Lettau, Ludvigson, and Manoel provide a comprehensive analysis of portfolios of active mutual funds, ETFs and hedge funds through the lens of risk (anomaly) factors. The researchers show that that these funds do not systematically tilt their portfolios towards profitable factors, such as high book-to-market (BM) ratios, high momentum, small size, high profitability and low investment growth. Strikingly, there are virtually no high-BM funds in the sample while there are many low-BM "growth" funds. Portfolios of "growth" funds are concentrated in low BM-stocks but "value" funds hold stocks across the entire BM spectrum In fact, most "value" funds hold a higher proportion of their portfolios in low-BM ("growth") stocks than in high-BM ("value") stocks. While there are some micro/small/mid-cap funds, the vast majority of mutual funds hold very large stocks. But the distributions of mutual fund momentum, profitability and investment growth are concentrated around market average with little variation across funds. The characteristics distributions of ETFs and hedge funds do not differ significantly from the those of mutual funds. Lettau, Ludvigson, and Manoel conclude that the characteristics of mutual fund portfolios raises a number of questions about why funds do not exploit well-known return premia and how their portfolio choices affects asset prices in equilibrium.
Smith, Zidar, and Zwick use administrative tax data to estimate top wealth in the United States. The researchers build on the capitalization approach in Saez and Zucman (2016) while accounting for heterogeneity within asset classes when mapping income flows to wealth. The researchers' approach incorporates four quantitatively relevant sources of eterogeneity: (1) higher fixed income returns at the top, (2) realized capital gains that do not represent corporate stock sales, (3) industry variation in returns to pass-through business wealth, and (4) geographic variation in property tax rates. Overall, wealth concentration is very high: the top 1% holds as much wealth as the bottom 90%. However, the "P90-99" class holds more wealth than either group after accounting for heterogeneity. Relative to a top 0.1% wealth share of more than 20% under equal returns, Smith, Zidar, and Zwick estimate a top 0.1% wealth share of [15%] and find that the rise since 1980 in top wealth shares falls by [half]. Top portfolios depend less on fixed income and public equity, depend more on private equity and housing, and more closely match the composition reported in the SCF and estate tax returns. The researchers' adjustments reduce mechanical revenue estimates from a wealth tax and top capital income shares in distributional national accounts, which depend on well-measured estimates of top wealth. Though the capitalization approach has advantages over other methods of estimating top wealth, the researchers emphasize that considerable uncertainty remains inherent to the approach by showing the sensitivity of estimates to different assumptions.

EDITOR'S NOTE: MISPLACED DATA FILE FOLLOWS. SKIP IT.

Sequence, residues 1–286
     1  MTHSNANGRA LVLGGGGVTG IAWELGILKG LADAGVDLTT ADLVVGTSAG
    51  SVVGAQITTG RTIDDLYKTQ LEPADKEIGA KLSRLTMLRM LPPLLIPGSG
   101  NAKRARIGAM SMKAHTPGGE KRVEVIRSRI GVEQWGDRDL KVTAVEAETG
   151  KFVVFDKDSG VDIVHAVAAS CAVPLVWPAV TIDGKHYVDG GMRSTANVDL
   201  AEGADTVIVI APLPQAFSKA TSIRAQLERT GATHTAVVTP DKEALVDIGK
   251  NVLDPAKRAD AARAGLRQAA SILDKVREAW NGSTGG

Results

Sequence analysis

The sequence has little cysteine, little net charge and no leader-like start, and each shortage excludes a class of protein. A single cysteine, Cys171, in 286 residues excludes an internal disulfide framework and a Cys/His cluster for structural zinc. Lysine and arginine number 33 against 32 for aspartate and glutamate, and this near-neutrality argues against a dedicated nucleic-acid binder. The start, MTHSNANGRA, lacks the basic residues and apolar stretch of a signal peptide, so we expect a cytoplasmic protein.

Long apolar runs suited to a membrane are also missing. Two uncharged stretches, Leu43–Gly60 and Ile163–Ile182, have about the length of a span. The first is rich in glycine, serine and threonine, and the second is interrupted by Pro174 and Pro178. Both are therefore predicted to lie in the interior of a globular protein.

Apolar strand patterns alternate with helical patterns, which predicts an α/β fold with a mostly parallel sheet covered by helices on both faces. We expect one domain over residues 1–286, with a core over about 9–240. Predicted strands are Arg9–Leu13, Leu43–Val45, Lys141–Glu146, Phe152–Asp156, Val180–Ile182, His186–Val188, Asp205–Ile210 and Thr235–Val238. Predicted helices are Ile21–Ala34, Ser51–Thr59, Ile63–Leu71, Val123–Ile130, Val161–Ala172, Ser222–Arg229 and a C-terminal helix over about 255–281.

Morelli, Ottonello, and Perez study the role of global financial intermediaries in international lending. The researchers construct a model of the world economy, where heterogeneous borrowers issue risky securities purchased by financial intermediaries. Aggregate shocks transmit internationally through financial intermediaries' net worth. The strength of this transmission is governed by the degree of frictions intermediaries face financing their risky investments. Morelli, Ottonello, and Perez provide direct empirical evidence on this mechanism showing that, around Lehman Brothers' collapse, emerging-market bonds held by more-distressed global banks experienced larger price contractions. A quantitative analysis of the model shows that global financial intermediaries play a relevant role driving borrowing-cost and consumption fluctuations in emerging-market economies, both during debt crises and in regular business cycles. The portfolio of financial intermediaries and the distribution of bond holdings in the world economy are key to determine aggregate dynamics.
Violations of no-arbitrage conditions measure the shadow cost of constraints on intermediaries, and the risk that these constraints tighten is priced. The researchers demonstrate in an intermediary-based asset pricing model that violations of no-arbitrage such as covered interest rate parity (CIP) violations, along with intermediary wealth returns, can be used to price assets. They describe a "forward CIP trading strategy" that bets on CIP violations becoming smaller, and show that its returns help identify the price of the risk that the shadow cost of intermediary constraints increases. This risk contributes substantially to the volatility of the stochastic discount factor, and appears to be priced consistently in US treasury, emerging market sovereign bond, and foreign exchange portfolios.